“When you think about the climate crisis and environmental challenges, unfortunately communities of color are more impacted by climate change issues,” she said. “If we want to make a difference, to make progress in solving these problems, we must ensure that these communities participate in the search for solutions.”
Nearly half of Alexander Elementary’s student body is black, about 42 percent of Hills Elementary students are Hispanic, and about 30 percent of Mark Twain students are Hispanic, according to the Iowa Department of Education.
Before each field trip, each school had two classroom visits with guests like Cornelia Mutel, retired senior science writer and historian at the University of Iowa IIHR – Hydroscience & Engineering.
Mutel has lived in Iowa City for decades.
Her visit with the students of Hills and Mark Twain left her in awe of the teachers, both how they taught their subject and how they handled their class and their students.
Mutel observed a teacher speaking Spanish to a student to make sure he understood.
“I thought the kids were pretty receptive to learning about the environment,” she said.
The author said she was passionate about natural history and brought items from her collections to the students, respectful and focused.
“What I always like to say is that if we don’t have a healthy, natural world, none of the other issues matter. Because, especially when it comes to climate change, if we don’t deal with climate change, we might as well forget the other issues too. Because climate change is so elemental in everything we do,” Mutel said.
In Writing on the Environment, students learned and practiced nature journaling, eco-poetry, and non-fiction writing.
Melanie Hester taught fifth grade at Alexander Elementary for seven years.
During one of the classroom activities, Wiegand shared a poem by Mary Oliver, whose work explored the natural world.
Students were asked to choose a favorite line and incorporate it into their own poem. They shared their poems, picked a favorite line from their work, and used those lines to create a class poem, Hester said.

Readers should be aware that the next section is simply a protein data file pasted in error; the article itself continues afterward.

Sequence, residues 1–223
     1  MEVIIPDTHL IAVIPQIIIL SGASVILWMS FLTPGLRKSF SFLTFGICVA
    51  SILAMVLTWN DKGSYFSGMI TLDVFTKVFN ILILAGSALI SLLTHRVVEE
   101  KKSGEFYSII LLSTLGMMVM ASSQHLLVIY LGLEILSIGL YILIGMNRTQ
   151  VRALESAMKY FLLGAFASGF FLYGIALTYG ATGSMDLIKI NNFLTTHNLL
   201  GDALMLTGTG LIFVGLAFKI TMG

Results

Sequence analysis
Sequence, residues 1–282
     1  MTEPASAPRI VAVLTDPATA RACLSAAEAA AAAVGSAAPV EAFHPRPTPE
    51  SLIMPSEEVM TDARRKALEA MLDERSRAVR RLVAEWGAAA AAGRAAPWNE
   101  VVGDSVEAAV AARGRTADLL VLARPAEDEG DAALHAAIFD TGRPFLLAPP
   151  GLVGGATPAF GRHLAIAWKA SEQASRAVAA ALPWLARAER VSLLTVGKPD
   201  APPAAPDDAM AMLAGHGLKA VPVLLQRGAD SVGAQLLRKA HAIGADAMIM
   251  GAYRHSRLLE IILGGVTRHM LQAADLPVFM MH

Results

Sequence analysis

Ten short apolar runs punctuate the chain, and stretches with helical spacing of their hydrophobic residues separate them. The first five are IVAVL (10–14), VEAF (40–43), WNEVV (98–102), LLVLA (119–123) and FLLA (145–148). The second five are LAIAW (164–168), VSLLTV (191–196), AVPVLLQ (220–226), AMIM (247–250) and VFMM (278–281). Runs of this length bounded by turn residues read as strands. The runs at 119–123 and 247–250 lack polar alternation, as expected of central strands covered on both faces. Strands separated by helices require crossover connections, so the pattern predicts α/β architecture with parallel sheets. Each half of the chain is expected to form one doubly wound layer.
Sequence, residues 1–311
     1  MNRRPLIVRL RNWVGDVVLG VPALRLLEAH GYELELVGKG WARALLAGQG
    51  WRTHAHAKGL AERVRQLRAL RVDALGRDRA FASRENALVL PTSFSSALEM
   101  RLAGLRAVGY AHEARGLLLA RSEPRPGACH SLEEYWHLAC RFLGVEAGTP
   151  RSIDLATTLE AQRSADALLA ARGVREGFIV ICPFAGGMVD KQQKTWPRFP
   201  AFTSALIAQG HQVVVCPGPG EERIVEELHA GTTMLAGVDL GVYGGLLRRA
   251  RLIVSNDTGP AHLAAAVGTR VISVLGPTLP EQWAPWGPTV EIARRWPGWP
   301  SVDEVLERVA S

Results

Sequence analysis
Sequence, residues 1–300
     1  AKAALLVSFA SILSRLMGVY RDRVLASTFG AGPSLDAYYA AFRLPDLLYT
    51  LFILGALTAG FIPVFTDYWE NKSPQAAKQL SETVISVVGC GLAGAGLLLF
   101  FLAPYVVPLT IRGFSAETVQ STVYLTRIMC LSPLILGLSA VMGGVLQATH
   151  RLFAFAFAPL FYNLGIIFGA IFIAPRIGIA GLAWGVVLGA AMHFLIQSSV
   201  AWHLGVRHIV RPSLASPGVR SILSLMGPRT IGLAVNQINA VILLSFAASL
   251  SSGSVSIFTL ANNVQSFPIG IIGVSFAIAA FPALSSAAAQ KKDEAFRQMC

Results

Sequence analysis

Hester shared the class poem with the Press-Citizen:
“You make me want to dance
That’s why everyone’s having fun
Balloon in the air
It will fly away
But for me it’s you
Friend, you are a true friend
I wish it never ends
what a beautiful day to say
A hot wind is blowing
It’s time to get up
Hold back my good feelings
To see the world beyond and above us”
During the field trip, Hester said she observed how one of her students, who ‘barely’ spoke throughout the year, ended up leading her group across the trail and back. at his meeting place.
“I never would have noticed that about him if we hadn’t gone on a trip,” Hester said. “That was one of the highlights. So he ended up sticking by our guide the whole time, he just became friends with her, when he doesn’t normally talk.
‘We really need to listen to them more’: What’s next for writing about the environment
Wiegand said the Writing on the Environment program was a way to get young people’s voices heard on the biggest challenge their generation will face, the climate crisis.
“(It’s) really to show the students, but also the adults in our community, that young people have stories to tell,” she says. “They have really unique perspectives on things like the natural world and their experiences in those places. … We really need to listen to them more on all issues, but especially perhaps on issues related to our environment.
The program includes a competition.
Students could write a haiku, keep a nature journal or write a short essay about why parks like Cangleska Wakan are good for the environment and why people should protect it, Hester said.
Five of Hester’s student works were selected for the competition.
The Writing About the Environment program, once completed, will require thought and insight from teachers and guest lecturers.
Hester said she would like the Writing on the Environment program to take place over a longer period of time, as well as more diversity among guest speakers so that students can see themselves reflected in these learning opportunities.
Snyder said he would “love” to see the schools’ partnership with the IYWP continue.
“It might look different, but it would mean we are growing productively,” he said.
Paris Barraza covers entertainment, lifestyle and the arts at Iowa City Press-Citizen. Contact her at PBarraza@press-citizen.com or (319) 519-9731. Follow her on Twitter @ParisBarraza.